The city of Louisville and the local police union have reached an agreement on a new tentative contract for the Louisville Metro Police Department that includes pay raises and disciplinary changes.

The city and FOP began negotiations in January on two employment contracts: One for police officers and sergeants, which expired June 30; and another for lieutenants, which expired years ago in June 2018.

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The next step is a vote by FOP members to ratify the contracts and if approved, it will be followed by a Metro Council vote, with final authorization by Mayor Greg Fischer.

There will be an opportunity for public comment before the council vote. The proposal will be shared with the public when delivered to union members within the next few days. The FOP vote is expected the week of Sept. 6.

The mayor’s office said the proposed contracts include “significant salary increases” over the next two years for both rank-and-file officers and mid-level command staff:

  • In this fiscal year, starting officers will make about $49,500. By next year, fiscal year 2023, officers’ salaries will range from $51,000 to nearly $79,000 at career end.
  • Sergeants’ salaries will range from $78,700 to $93,500 in FY23.
  • Lieutenants’ salaries will be $98,000 to $123,100 in FY23.
  • The contract would guarantee raises for all union members every two years, so a recruit signing on today, for example, could expect to make nearly $65,000 two years from now under the proposal.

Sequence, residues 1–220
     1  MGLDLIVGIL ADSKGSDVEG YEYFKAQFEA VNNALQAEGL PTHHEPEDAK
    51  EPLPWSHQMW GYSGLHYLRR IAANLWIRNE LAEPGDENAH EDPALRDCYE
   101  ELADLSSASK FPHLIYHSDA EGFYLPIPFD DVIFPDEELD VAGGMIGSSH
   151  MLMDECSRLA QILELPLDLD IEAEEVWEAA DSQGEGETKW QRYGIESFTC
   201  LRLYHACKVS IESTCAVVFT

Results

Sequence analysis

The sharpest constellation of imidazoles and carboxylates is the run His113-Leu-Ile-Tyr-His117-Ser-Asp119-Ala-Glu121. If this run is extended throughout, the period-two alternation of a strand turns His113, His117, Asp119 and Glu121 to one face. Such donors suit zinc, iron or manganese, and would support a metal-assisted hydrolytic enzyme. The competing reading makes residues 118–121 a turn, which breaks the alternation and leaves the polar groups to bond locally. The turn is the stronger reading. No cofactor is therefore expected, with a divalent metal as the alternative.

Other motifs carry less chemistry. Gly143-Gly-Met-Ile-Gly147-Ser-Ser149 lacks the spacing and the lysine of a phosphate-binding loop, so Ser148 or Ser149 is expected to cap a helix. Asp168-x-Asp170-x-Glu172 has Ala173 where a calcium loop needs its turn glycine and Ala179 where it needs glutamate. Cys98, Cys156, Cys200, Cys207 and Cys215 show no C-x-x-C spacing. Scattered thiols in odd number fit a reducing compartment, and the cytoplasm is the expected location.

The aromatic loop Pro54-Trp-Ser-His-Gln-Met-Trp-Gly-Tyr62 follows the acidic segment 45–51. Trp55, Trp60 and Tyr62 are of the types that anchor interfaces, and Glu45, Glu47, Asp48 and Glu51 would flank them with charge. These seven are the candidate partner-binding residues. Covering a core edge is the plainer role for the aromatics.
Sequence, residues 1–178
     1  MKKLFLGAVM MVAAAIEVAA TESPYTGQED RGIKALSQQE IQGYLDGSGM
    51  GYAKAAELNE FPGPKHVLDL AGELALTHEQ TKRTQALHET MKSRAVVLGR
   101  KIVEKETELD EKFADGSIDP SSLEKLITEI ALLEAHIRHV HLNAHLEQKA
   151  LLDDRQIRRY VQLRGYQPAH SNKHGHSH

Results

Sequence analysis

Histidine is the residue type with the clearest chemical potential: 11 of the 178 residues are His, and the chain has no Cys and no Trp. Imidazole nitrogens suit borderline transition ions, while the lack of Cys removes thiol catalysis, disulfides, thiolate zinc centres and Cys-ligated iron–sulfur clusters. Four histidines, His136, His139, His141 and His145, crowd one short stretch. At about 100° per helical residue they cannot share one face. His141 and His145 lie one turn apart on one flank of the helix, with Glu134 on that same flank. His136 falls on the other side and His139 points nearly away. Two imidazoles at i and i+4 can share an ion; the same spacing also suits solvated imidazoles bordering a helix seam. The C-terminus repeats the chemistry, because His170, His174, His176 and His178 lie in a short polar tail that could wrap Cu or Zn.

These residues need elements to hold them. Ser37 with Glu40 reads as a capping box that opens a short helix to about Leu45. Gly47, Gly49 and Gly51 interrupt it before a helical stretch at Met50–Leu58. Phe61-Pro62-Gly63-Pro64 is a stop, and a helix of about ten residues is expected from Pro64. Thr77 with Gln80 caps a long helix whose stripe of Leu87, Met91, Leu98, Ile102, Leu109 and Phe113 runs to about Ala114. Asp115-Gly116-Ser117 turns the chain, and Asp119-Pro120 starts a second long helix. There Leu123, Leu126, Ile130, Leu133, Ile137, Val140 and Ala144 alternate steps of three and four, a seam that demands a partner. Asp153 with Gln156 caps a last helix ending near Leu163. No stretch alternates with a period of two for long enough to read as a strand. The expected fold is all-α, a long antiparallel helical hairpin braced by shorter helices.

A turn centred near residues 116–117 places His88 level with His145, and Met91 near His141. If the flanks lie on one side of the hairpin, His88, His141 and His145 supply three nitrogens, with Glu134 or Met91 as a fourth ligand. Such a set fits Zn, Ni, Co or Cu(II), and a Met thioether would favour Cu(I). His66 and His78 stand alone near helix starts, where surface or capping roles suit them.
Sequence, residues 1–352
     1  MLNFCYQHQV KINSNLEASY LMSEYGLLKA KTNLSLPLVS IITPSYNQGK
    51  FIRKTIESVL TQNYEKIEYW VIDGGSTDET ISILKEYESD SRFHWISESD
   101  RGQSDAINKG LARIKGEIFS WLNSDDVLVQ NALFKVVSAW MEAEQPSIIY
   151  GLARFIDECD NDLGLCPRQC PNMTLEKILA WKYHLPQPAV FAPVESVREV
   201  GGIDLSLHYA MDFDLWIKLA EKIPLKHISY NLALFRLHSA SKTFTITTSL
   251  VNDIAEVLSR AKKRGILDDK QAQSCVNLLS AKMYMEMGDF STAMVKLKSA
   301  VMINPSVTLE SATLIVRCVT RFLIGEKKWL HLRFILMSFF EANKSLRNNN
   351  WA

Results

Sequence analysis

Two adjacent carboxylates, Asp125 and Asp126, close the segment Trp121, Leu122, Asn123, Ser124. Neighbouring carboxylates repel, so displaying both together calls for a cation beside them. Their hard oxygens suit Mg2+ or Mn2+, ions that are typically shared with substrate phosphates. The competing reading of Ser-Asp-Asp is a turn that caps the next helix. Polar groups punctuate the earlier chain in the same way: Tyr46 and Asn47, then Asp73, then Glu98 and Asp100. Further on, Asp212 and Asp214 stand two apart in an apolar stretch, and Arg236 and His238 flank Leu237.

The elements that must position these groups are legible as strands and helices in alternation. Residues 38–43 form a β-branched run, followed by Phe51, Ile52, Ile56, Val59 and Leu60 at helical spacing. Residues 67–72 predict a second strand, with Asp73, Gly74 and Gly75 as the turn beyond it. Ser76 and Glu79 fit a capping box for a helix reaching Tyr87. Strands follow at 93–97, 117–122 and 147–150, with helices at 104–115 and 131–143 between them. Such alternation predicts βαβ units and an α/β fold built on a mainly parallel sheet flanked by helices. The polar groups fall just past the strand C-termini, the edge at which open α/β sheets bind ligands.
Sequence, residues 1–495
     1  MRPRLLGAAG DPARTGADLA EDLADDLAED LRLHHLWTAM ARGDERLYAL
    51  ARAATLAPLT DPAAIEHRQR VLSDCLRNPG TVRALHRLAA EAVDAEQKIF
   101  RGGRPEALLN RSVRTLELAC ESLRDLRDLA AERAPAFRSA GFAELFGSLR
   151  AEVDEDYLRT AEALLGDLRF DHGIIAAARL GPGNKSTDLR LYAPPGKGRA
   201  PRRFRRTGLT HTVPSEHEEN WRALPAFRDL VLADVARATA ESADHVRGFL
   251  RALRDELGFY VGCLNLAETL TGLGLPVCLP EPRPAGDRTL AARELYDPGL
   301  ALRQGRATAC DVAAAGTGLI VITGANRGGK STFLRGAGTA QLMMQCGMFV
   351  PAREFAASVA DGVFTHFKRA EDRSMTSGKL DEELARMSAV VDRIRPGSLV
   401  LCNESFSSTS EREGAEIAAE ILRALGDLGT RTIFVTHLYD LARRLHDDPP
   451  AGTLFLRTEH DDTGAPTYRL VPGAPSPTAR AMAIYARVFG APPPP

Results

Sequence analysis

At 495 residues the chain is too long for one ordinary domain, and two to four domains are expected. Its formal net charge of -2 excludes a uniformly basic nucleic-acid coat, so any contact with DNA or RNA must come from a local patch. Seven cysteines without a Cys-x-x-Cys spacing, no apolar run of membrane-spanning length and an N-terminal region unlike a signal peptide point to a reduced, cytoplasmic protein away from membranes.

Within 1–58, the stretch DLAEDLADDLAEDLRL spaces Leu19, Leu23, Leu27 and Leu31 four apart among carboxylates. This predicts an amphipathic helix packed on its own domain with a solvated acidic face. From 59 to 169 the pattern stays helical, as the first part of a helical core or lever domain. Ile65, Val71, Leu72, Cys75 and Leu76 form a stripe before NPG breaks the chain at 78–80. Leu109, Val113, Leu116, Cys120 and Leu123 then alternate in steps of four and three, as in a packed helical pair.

The substantive reforms in the proposed contract include:

  • Enhancements to discipline, oversight, and record retention.
  • Mandatory critical-incident alcohol and drug testing.
  • Required training to Internal Affairs investigators.
  • Retaining past findings of bias, untruthfulness, excessive force, sexual misconduct and other criminal conduct as permanent parts of disciplinary records.
  • Recognition of the Inspector General and the Citizens Review and Accountability Board;
  • Opportunities to build community relations through volunteerism and engagement.

Ryan Nichols, president of the River City FOP Lodge 614, said: “Our committee worked relentlessly, during these negotiations, to help ensure the LMPD is a department that is able to recruit the most qualified candidates and retain our outstanding officers. We feel this contract is another step in that direction.”

LMPD Police Chief Erika Shields commented on the proposed contract agreements, saying she thinks they will help combat one of the city’s most immediate concerns.

“With the challenges we face on gun violence and staffing, our city needs highly motivated officers, and the competitive salary pieces of this contract will help us achieve that. At the same time, it sets clear directives for meeting the community’s expectations for reform. Those too, will make us a stronger force,” she said in a news release.

“These contracts reflect a dramatic step in reimagining public safety. The work to get us here reflects a commitment to pay our officers a competitive wage for the important work they do, and shows that we’ve heard and are responding to calls in the community for greater accountability and transparency,” Fischer said.